capres willow turner is an activist for the new generation
Using the power of social media, Capres Willow Turner organized a Black Lives Matter protest that brought central London to a standstill. Here, the teen trailblazer discusses the politics of race.
At 18 years old, Capres Willow Turner had never even been to a protest before, let alone staged one. "What do you mean you don't know how many people you're expecting?" gasped a Metropolitan policeman on the phone with her, "you're organizing a protest!" "The whole thing happened so quickly," Capres confesses of the Black Lives Matter march she instigated in London after witnessing a viral video of the horrific murder of Philando Castile by a Minnesota police officer. "I had no clue what was going to happen."
Such is the power of social media that a hyperlink can turn a simple idea into a full-blown revolution. When Capres created the event's initial Facebook group on July 6, 2016, she thought only 30 people would show up. When the police reached out to her on July 7, she thought maybe 300 people would show up. By 10am on Sunday, July 9, there were over 3000 people gathered at London's Oxford Circus ready to protest in the name of Black Lives Matter, the global movement against police brutality and violence towards black people, which began in the US, thanks to the efforts of Patrisse Cullors, Alicia Garza, and Opal Tometi, after the 2013 killing of black teenager Trayvon Martin. "After I saw the video on Facebook of Philando Castile being shot I realized I had to do something," Capres explains. "People in London were tweeting about how angry they were, but no one was actually doing anything. I thought, 'what the fuck is going on, does no one care?!' So I decided to organize a protest."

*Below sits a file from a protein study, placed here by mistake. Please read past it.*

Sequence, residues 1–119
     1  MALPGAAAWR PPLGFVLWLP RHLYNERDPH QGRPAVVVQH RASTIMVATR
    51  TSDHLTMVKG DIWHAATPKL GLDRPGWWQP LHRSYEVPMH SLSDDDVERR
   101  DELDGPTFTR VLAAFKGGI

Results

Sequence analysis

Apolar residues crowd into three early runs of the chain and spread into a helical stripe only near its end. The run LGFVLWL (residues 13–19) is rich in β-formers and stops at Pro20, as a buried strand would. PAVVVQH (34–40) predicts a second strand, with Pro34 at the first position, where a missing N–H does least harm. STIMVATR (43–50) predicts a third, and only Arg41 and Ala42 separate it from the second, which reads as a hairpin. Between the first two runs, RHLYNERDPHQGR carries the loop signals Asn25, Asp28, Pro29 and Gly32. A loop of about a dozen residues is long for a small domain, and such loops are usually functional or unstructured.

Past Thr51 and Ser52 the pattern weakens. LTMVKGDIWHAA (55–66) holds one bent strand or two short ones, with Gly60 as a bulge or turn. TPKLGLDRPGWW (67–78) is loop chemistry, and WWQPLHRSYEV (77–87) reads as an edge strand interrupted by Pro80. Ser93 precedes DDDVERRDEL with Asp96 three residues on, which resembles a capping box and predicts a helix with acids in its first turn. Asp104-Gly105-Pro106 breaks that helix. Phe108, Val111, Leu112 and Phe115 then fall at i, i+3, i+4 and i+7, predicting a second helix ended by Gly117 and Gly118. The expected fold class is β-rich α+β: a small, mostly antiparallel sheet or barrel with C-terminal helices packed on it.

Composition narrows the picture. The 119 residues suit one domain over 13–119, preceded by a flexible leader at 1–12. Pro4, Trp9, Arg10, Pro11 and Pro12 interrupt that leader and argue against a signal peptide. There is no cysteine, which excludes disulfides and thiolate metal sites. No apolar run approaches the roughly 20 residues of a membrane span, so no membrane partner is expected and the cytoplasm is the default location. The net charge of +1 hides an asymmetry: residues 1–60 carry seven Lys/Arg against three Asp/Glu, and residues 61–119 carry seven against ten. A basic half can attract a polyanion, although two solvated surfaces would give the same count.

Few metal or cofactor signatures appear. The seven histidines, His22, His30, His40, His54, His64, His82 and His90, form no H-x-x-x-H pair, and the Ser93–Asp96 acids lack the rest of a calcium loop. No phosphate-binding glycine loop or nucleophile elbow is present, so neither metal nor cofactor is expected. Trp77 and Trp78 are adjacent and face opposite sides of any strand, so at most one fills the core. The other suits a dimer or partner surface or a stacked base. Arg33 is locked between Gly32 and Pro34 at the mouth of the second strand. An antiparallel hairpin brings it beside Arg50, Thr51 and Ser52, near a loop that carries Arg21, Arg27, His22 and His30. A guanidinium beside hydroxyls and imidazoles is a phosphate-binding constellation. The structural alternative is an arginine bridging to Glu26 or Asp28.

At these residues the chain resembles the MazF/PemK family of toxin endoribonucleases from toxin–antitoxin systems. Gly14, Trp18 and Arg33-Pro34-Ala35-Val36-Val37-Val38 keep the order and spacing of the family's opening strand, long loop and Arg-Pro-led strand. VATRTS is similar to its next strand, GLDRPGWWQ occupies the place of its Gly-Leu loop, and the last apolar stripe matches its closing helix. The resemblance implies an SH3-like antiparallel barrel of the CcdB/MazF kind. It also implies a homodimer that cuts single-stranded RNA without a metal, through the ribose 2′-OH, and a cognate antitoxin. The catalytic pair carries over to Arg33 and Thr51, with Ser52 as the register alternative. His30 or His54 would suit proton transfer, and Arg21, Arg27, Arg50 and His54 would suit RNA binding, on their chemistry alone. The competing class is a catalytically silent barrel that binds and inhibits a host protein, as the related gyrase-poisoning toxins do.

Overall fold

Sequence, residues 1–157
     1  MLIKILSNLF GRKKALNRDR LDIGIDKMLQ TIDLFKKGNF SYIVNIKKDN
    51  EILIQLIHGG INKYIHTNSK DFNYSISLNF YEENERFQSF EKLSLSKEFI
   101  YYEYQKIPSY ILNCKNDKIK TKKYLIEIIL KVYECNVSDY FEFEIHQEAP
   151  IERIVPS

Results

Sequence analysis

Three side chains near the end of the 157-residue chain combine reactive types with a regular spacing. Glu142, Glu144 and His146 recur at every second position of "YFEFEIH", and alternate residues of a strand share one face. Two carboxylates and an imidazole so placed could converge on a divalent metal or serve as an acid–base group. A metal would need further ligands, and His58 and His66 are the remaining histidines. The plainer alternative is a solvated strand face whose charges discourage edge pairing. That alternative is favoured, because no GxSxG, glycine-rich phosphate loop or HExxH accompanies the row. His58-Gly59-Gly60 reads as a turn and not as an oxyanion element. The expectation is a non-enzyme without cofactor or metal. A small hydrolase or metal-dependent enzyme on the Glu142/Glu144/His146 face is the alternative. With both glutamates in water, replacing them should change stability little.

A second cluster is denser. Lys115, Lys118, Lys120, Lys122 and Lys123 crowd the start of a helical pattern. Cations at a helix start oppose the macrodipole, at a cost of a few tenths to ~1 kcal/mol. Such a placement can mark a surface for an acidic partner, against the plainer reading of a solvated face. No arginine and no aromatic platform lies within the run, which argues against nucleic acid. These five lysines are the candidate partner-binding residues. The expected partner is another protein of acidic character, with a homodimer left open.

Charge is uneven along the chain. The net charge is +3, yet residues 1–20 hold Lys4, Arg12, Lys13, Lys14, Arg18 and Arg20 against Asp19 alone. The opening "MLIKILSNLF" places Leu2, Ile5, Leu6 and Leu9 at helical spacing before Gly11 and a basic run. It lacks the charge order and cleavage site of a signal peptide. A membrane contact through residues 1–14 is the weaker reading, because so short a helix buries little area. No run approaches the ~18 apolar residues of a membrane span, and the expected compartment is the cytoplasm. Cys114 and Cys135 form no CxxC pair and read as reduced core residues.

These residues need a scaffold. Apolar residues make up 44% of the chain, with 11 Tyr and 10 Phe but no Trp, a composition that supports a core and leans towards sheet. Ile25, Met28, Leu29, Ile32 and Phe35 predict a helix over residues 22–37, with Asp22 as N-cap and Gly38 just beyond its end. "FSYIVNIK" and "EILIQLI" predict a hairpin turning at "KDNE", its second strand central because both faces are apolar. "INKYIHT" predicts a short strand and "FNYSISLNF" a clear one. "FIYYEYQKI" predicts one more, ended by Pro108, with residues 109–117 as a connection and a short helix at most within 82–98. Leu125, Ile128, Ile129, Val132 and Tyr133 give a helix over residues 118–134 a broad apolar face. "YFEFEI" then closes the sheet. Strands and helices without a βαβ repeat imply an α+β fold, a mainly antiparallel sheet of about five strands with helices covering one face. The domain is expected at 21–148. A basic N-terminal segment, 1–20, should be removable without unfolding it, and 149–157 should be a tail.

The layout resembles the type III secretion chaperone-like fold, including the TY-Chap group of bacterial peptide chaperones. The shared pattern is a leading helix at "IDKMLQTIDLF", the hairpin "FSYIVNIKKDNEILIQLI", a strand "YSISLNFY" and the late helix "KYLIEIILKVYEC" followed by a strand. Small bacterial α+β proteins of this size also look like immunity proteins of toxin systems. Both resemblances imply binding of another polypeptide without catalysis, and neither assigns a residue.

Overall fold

On the morning of the march, Capres waved goodbye to her dad and set off for central London, her boyfriend and younger sister in tow. She was half an hour late and she'd forgotten to bring a megaphone. "I didn't know I needed one," she confesses. In fact, all she had was a makeshift sign saying 'Black Lives Matters' with an extra 's' on the end of it, which she'd added by mistake. "It sounds weird but I don't really remember what happened next," she says, "I was so overwhelmed, I wanted to burst into tears. It was an incredible feeling, I just couldn't believe how many people there were." In the days following the protest, Capres was inundated with messages of support and requests from journalists looking to hear from this heroic young activist who had managed to shut down all of Oxford Circus.
Things, however, soon turned nasty and for every positive message, there was a negative one. Trolls came out of the woodwork to criticize Capres on everything from her looks to her ability to lead a protest. "I got messages from total strangers saying, 'Who do you think you are, you're not even fully black. What would you know about anything?' It was really hurtful." With dual heritage parents, Capres has been navigating her way through the politics of race her entire life. Growing up in the suburban town of Waltham Abbey, she often found herself questioning why she looked so different to the other kids at school. "I used to straighten my hair when I was younger. Then when I eventually stopped, kids would grab my hair in the school corridor or ask to touch it all the time. The teachers would ask me if I felt bullied, but I didn't actually have a negative experience. It just became a point of difference."